Lambert says he ‘hasn’t spent any money’ – but Ipswich Town’s budget will still be big by League One standards
- Credit: Archant
Ipswich Town boss Paul Lambert says the club’s League One expectations should be tempered due to his limited funds. STUART WATSON looks at how the Blues’ budget will compare to others in the division.
EDUCATED GUESS WORK
The most recent sets of accounts available are for 2017/18. The Blues' wage bill was £18.5m back then. The cut-off for that financial period was just after Adam Webster's sale to Bristol City, but before the bulk of Paul Hurst's summer transfer dealings.
We can take an educated guess of where Town's budget is now at based on the events of the last year.
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High earners such as David McGoldrick, Martyn Waghorn and Joe Garner were replaced by several lower league recruits last summer - a significant drop in wages.
But you also have to take into account that Bartosz Bialkowski was handed a bumper new contract and that, over the course of two transfer windows, Town signed a total of 19 players. The cumulative cost of that won't have been cheap.
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Town's wage bill has been steadily on the rise in recent years. For the recent relegation season, it may have stayed roughly the same or even dropped slightly (compound by others spending more around them).
We'll find out for sure around December time.
The players' wage bill will have been virtually halved overnight thanks to the vast majority of contracts containing relegation reduction clauses in the region of 40-50%.
Then you have to take into account that a bloated squad has been vastly reduced due to the fact that six loan deals expired and seven senior players were released. Just three - James Norwood, Tomas Holy and Adam Przybek - have arrived.
There are 35 professionally contracted players at the club, though a third of those will be on money that reflects their youth/reserves status.
Highly competitive contracts were put together to land Norwood and Alan Judge, given both would have had Championship interest.
Even with wage cuts, the likes of Bialkowski, Luke Chambers, Cole Skuse, Freddie Sears and Emyr Huws will still be on very good money for this level.
Top earners will be on around £5,000 to £7,000 a week, a bit more in Bialkowski's case.
HOW IT COMPARES
So, let's say, taking an educated guess, that Town's wage bill is somewhere in the region of £5-8m.
How does that compare to what League One clubs declared for 2017/18?
Blackburn and Wigan went straight back up, automatically, with the two biggest wage bills in the division - £16.77m and £11.74m respectively.
The next biggest spenders in terms of wages - Charlton (£10.2m), Scunthorpe (£6.38m) and Rotherham (£6.31m) - finished sixth, fifth and fourth.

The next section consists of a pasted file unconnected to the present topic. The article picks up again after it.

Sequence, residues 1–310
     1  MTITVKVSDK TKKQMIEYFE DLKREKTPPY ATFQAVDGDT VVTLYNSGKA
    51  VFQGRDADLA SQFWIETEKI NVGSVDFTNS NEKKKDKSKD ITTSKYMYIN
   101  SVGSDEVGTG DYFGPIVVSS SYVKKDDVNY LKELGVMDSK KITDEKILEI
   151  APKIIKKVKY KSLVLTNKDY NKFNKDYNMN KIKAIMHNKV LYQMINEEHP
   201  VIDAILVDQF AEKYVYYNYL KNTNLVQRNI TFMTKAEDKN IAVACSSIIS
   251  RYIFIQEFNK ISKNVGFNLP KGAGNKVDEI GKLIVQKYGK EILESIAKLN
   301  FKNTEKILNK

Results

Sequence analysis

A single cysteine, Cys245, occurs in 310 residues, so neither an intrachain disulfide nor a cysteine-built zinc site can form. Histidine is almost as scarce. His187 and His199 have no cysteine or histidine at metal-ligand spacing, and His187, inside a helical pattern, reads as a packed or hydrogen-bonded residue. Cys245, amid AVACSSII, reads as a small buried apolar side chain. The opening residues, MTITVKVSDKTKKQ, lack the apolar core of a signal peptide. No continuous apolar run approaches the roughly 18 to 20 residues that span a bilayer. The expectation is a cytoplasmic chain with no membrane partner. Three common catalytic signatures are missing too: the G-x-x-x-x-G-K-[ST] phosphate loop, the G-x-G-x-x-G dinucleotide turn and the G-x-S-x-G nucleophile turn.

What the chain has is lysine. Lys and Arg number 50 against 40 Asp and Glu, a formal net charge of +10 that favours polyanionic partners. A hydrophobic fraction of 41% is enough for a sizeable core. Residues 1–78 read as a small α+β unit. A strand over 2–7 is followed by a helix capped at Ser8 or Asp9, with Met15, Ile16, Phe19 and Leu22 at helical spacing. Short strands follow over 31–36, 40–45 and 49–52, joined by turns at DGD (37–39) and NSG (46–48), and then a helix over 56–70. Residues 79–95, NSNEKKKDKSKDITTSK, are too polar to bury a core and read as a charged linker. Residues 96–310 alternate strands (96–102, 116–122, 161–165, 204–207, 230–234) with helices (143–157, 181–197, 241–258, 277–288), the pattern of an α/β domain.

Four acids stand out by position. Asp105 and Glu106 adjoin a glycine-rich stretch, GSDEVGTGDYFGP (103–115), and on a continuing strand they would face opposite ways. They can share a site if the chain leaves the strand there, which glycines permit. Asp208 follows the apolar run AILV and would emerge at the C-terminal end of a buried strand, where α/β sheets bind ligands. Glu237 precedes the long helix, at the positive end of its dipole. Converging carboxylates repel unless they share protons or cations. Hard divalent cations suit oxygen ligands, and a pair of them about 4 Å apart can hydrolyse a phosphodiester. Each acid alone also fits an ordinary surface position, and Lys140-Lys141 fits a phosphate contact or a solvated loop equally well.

There was, therefore, a direct correlation between wage bill - the true mark of budget in football ahead of transfer fees - and league position.
Paul Hurst's Shrewsbury were the exception to the rule, finishing third with a mid-table wage bill of £3.77m.
Yes, Town haven't spent a penny on transfer fees so far this summer - but very few clubs do at League One level.
In 2017/18, only two clubs - Wigan and Peterborough - spent in excess of £1m on players.
This Blues squad cost around £5.3m to assemble, with fees paid for Kayden Jackson (£1.6m), Toto Nsiala, Jon Nolan (£2m combined), Gwion Edwards (£750k), Janoi Donacien (£750k) Freddie Sears (£100k) and Danny Rowe (£100k).
For comparison, in 2017/18, Charlton and Wigan had the biggest gross squad costs at £7.1m and £7m respectively. The next biggest was Blackburn's at £3.4m.
It's highly probable that only Sunderland will be spending more on wages than Ipswich Town in League One this coming campaign, while Portsmouth, Rotherham and Peterborough will also have competitive budgets.
There is a reason those five clubs are way out ahead of the rest in terms of bookies' odds.
The gulf between the biggest and smallest budgets will be vast.
Town will be getting income from crowds averaging, at the very least, around 14,000. For perspective, 11 clubs in the division had attendances of 7,000 or less last season.
Newly-relegated Bolton and newly-promoted Bury have seen their squads decimated due to crippling financial problems and both are set to start the season with 12-point deductions.
Town have spent so long battling the odds in the Championship, with so many of their rivals benefitting from parachute payments and short-term throws of the dice by mega rich owners.
Now, in League One, they are very much back in the 'haves' rather than 'have nots' camp.
* Other clubs' 17/18 figures based on work of football finance expert Kieran Maguire (@KieranMaguire).